32. The Committee also recommends that legislation be adopted to protect women victims of domestic violence, that specific programmes be put in place to assist such victims of domestic violence and that the perpetrators of such acts be brought to justice.

33. The Committee recommends that comprehensive steps be taken to ensure safety and health in the workplace and that, to this end, increased funding of the labour inspectorate be provided. It further recommends that a framework be developed to encourage and protect workers who report inadequate conditions of work. The Committee also recommends that the State party take steps to accelerate further the development of trade unions by, inter alia, removing the practical constraints to the right to freedom of association, to ensure that management is separated from official unions as part of a bargaining unit, and generally, to enable the unions to function more effectively. Furthermore, it recommends that a comprehensive strategy to combat child labour be developed.

34. The Committee recommends that the State party develop and improve its policy for assisting the unemployed to find work and to receive unemployment benefits. In this regard, the State party may wish to call upon ILO for assistance.

35. The Committee recommends that immediate steps be taken to ensure the payment of wages by both the State and private enterprises, and to punish those who have illegally diverted these funds for other purposes.

36. The Committee recommends that assistance to those who live in poverty be increased, and that adequate financial resources be made available to them so that they can live in dignity. Similar efforts should be undertaken on behalf of pensioners, many of whom live in serious financial difficulty. The Committee is of the view that greater efforts should be made to target social welfare expenditure to the truly needy sectors of the population.

37. The Committee recommends the adoption of a plan of action for food subsidies for the poor. It encourages the State party to try to resolve problems of legal title to land, the financing of supplies and equipment to farm areas, and transportation to markets as soon as possible to stimulate domestic food production.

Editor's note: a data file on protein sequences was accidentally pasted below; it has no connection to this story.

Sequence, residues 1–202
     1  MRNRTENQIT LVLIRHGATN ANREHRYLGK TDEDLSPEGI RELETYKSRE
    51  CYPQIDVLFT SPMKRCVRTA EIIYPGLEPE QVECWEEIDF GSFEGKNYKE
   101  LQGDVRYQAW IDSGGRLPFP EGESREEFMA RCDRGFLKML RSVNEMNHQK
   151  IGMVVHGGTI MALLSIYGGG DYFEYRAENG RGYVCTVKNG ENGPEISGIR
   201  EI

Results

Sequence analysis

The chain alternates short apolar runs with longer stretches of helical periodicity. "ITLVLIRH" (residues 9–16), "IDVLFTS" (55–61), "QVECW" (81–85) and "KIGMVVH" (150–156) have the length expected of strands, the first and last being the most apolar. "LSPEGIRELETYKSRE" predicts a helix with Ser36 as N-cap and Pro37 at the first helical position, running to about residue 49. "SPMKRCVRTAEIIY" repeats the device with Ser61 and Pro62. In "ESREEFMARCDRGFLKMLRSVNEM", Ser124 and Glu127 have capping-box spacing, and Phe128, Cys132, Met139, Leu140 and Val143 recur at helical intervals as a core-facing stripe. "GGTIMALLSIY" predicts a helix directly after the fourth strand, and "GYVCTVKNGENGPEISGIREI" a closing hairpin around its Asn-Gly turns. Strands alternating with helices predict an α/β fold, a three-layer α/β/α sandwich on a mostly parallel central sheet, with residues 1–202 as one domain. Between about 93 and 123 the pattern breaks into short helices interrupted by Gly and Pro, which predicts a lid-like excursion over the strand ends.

38. The Committee is of the view that the question of an acceptable and adequate food supply is also linked to questions relating to a seriously polluted environment and the lack of investment in infrastructure for the maintenance and improvement of the water supply. It recommends that the State party examine these linkages and take appropriate action to clean up the environment and prevent enterprises from engaging in further pollution, especially that which contaminates the food chain. The Committee also recommends that the maintenance and improvement of the water supply system be undertaken as a matter of priority. The Committee further recommends that vigourous action be taken against enterprises which have been found to have imported contaminated food.

39. The Committee strongly recommends that the State party take immediate action to improve the health conditions in prisons, especially with regard to the rise in the rate of tuberculosis among prisoners and detainees.

40. The Committee urges the State party to address the eightfold increase in HIV-infection in 1996 as a health question of the utmost importance. It recommends that an information campaign which explains the nature of the disease, the modes of transmission, including sexual modes of transmission, and prevention techniques be undertaken in the mass media. It also recommends that the State party adopt laws and take all necessary measures to prevent discrimination against persons who are HIV-positive, so that they may live normal lives.

41. The Committee recommends that funding of hospitals be increased and that medicines and medical attention be made available to those who cannot afford them, given the existing problems already highlighted above.

42. The Committee recommends that efforts to treat drug addiction and to apprehend and punish drug dealers be continued and intensified.

43. The Committee strongly recommends that stronger and more effective measures should be adopted in order to reinforce the educational system, reduce the rate of school drop-out and enhance the protection of children against illegal employment and other abuses.